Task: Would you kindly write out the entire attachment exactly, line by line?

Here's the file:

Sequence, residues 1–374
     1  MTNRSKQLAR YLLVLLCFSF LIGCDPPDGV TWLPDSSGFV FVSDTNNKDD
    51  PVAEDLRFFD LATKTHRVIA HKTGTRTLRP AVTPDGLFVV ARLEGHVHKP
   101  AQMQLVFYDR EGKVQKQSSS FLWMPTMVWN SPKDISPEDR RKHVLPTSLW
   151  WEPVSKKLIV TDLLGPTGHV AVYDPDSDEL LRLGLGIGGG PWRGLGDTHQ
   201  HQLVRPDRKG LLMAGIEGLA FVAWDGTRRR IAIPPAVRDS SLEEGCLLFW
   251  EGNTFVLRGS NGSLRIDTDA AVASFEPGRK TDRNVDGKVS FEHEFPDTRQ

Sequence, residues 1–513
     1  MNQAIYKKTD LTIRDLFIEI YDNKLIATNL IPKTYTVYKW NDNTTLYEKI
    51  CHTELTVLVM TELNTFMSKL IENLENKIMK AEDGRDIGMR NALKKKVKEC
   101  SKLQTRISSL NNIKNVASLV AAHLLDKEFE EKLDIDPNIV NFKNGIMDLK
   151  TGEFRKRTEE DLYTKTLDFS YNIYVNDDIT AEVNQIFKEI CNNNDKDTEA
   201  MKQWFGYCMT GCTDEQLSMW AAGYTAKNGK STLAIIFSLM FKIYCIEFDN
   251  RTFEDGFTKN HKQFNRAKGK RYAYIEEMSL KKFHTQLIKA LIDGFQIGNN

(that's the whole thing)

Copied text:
Sequence, residues 1–374
     1  MTNRSKQLAR YLLVLLCFSF LIGCDPPDGV TWLPDSSGFV FVSDTNNKDD
    51  PVAEDLRFFD LATKTHRVIA HKTGTRTLRP AVTPDGLFVV ARLEGHVHKP
   101  AQMQLVFYDR EGKVQKQSSS FLWMPTMVWN SPKDISPEDR RKHVLPTSLW
   151  WEPVSKKLIV TDLLGPTGHV AVYDPDSDEL LRLGLGIGGG PWRGLGDTHQ
   201  HQLVRPDRKG LLMAGIEGLA FVAWDGTRRR IAIPPAVRDS SLEEGCLLFW
   251  EGNTFVLRGS NGSLRIDTDA AVASFEPGRK TDRNVDGKVS FEHEFPDTRQ

Sequence, residues 1–513
     1  MNQAIYKKTD LTIRDLFIEI YDNKLIATNL IPKTYTVYKW NDNTTLYEKI
    51  CHTELTVLVM TELNTFMSKL IENLENKIMK AEDGRDIGMR NALKKKVKEC
   101  SKLQTRISSL NNIKNVASLV AAHLLDKEFE EKLDIDPNIV NFKNGIMDLK
   151  TGEFRKRTEE DLYTKTLDFS YNIYVNDDIT AEVNQIFKEI CNNNDKDTEA
   201  MKQWFGYCMT GCTDEQLSMW AAGYTAKNGK STLAIIFSLM FKIYCIEFDN
   251  RTFEDGFTKN HKQFNRAKGK RYAYIEEMSL KKFHTQLIKA LIDGFQIGNN